From the Ears of an Active Deaf Girl

Hearing loss is something that feels “normal” to me since I can’t remember a time that I could hear.  Learning of my hearing loss devastated my parents, but as a child, I was innocent and didn’t know any different.  It’s a challenge I live with daily and few truly know the walk I take in life.   To some, my life seems “happy.”  To my family it may seem frustrating.  To children it creates curiosity.  To the public eye it may seem like a disability.  To me…it’s a battle of highs and lows.  Quality of life is not tangible, is not on green paper, and is not a possession.  Nothing else matters when it comes to your quality of life.  For the first time, I’ve decided to share what the world sounds like from an active deaf girl…

Having approximately 50% hearing loss in one ear and 70% loss in the other labels me as “severe to profoundly” deaf.   Without my hearing aids, I basically hear muffles and with my hearing aids, I spend lots of extra time during my day comprehending what I’m hearing.  If you’re not sure of the difference on the various levels of hearing loss, listen to this fun Flinstones clip:

I was one of the first in our school district attending public school with hearing loss, and I’m blessed that I wasn’t made fun of in school and had lots of great teachers, friends, and amazing teammates.  Teammates who’d make me take out my hearing aids during a soccer game to show to the ref who just carded me for kicking the ball after his whistle.  In elementary and middle school, I wore huge behind-the-ear hearing aids with a circle loop receiver while the teacher wore a microphone hooked to a box clipped on their pants.  Teachers didn’t seem to complain about wearing it and the kids thought it was pretty cool.  My mom once told me a story about my first grade class.  The teacher told my mom she asked the students to make a Christmas wish list and what was on their list…you got it, hearing aids.  Many times the teachers would forget to turn off their microphone.  My classmates enjoyed eavesdropping on the conversations when the teacher walked a kid to the principle’s office.  I’d give a warning when the teacher was returning from the restroom or the office and we’d look like we never moved an inch!  I also got to hear the bathroom experiences, which I did not share.  If any of my old teachers are reading this, I’m sure they wouldn’t be surprised.

I have so many great stories and memories that I will be able to share for the rest of my life.  There was a time I forgot to wear my hearing aids to school and my mom had to bring them to me in kindergarten. I felt like a kid who forgot to put on their shoes! At times the kids in class would challenge me in lip reading (my husband loves it when I watch ballgames with him so I can tell him what the coaches/refs/players said).  And, there was a time my cheerleading coach chased my hearing aids flying down the basketball court during a tumbling stunt at a game.  I’m still VERY appreciative of my school district, my teachers, my speech therapists, my friends, classmates, and teammates for making the experience a little less burdening and proving to the doctors that I didn’t need to be tucked away at the school for the deaf my entire life.  Sure my parents and I had to prove them wrong the hard way.  That is, not only did I have to pass each grade level and the public school or state testing, but we had to drive 2 hours from home every year to pass long days of testing at the school for the deaf.  My grades, active lifestyle, and determination changed the doctors’ hearts…nothing is impossible for kids with disabilities!  But, as I grow older into an adult and navigate the real world, the experience becomes stressful for me especially as technology changes and I transition into new aids every few years.  The environments become chaotic creating a whirlwind of a headache.  It takes several fittings for me to even tolerate the world around me.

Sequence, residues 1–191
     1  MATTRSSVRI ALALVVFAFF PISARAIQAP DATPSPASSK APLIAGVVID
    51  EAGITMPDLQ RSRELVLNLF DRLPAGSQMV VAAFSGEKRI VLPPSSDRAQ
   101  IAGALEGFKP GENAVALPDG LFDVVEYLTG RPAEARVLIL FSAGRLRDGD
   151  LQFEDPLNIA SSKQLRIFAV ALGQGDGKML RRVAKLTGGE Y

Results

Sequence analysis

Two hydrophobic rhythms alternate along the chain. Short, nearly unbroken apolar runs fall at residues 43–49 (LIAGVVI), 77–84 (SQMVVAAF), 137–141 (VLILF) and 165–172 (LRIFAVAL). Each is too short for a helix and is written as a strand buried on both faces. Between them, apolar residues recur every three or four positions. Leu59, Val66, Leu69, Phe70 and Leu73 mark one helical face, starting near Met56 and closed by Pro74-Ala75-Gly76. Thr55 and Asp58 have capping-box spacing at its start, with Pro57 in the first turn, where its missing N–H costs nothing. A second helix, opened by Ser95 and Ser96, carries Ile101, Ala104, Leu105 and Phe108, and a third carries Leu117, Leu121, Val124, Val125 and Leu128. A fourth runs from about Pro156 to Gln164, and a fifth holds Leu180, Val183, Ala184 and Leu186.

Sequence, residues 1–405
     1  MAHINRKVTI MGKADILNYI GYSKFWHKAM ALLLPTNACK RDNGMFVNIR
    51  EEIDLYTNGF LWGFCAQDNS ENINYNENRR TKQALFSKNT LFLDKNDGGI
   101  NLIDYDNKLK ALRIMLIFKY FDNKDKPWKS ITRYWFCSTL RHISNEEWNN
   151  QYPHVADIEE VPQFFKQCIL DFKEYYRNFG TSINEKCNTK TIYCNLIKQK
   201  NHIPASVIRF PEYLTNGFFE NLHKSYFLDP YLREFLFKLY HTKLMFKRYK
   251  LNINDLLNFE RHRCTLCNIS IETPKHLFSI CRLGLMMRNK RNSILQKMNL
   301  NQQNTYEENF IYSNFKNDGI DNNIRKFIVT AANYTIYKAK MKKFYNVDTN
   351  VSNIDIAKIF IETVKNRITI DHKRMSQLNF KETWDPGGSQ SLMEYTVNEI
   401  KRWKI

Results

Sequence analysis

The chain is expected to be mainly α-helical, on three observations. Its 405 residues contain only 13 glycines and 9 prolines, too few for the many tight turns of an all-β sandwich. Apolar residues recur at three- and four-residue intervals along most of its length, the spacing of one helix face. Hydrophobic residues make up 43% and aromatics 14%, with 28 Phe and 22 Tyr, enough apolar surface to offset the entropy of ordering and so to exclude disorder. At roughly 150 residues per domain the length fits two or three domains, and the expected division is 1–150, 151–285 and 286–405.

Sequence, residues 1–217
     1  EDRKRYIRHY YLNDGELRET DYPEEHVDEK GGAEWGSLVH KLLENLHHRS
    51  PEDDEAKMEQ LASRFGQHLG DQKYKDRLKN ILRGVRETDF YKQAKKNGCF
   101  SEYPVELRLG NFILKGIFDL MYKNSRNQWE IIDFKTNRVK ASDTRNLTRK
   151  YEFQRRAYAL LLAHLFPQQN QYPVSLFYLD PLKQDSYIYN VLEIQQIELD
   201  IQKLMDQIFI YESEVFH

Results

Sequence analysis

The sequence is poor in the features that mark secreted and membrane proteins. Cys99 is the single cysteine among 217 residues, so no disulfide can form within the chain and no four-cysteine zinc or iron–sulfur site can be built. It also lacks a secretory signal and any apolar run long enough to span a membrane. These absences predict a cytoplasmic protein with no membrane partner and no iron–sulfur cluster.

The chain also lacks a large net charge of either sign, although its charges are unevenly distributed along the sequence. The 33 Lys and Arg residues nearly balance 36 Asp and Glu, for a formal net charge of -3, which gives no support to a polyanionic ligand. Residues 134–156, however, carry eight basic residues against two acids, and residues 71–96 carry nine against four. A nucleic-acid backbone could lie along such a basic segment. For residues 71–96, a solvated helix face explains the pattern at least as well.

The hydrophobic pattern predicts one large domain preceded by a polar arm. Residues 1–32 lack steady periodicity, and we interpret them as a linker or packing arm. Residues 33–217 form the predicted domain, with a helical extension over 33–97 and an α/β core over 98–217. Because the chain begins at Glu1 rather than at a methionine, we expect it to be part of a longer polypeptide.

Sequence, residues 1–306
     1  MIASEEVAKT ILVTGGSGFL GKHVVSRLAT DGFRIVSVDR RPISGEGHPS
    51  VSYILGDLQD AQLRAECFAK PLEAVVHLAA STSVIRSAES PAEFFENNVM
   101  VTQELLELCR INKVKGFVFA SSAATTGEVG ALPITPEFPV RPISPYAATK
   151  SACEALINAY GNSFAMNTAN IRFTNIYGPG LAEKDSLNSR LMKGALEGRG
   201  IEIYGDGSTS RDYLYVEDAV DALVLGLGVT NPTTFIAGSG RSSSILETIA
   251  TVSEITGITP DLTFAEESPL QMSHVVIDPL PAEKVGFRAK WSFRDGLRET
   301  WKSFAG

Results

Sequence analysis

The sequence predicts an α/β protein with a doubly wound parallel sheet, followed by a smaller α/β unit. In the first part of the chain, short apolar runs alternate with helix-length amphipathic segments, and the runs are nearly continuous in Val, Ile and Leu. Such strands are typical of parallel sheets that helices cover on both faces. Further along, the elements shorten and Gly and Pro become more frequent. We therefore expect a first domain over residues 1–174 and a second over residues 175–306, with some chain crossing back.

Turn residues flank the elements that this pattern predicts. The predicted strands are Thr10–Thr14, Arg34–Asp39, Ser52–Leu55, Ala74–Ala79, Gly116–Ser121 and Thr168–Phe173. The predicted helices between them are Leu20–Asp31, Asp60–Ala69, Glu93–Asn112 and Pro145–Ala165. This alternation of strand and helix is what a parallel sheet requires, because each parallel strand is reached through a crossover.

Probably the coolest ones I've ever owned!
I have never been ashamed of having hearing loss.  In fact, I go after the “cool” aids.  I want kids to see that hearing aids are fascinating.  It’s a part of who I am, but like anyone else, I want to be independent.  I don't want to rely on my family, my husband or my friends.  I don’t want to feel burdensome.  It can be quite a lonely place when you don’t want to ask for help, you don't want people to feel sorry, you don’t want others to adjust or change their ways, but you can’t really seem to stay caught up with others around you.  I’m mainly speaking of conversations.  I love entertainment – whether it’s dinner functions with groups/couples, movie theatres, group events or talking on the phone.  I get lost in translation.  Surprisingly it’s becoming more difficult as technology changes.  I always say, “I just want NORMAL ears…not ears that have special features!”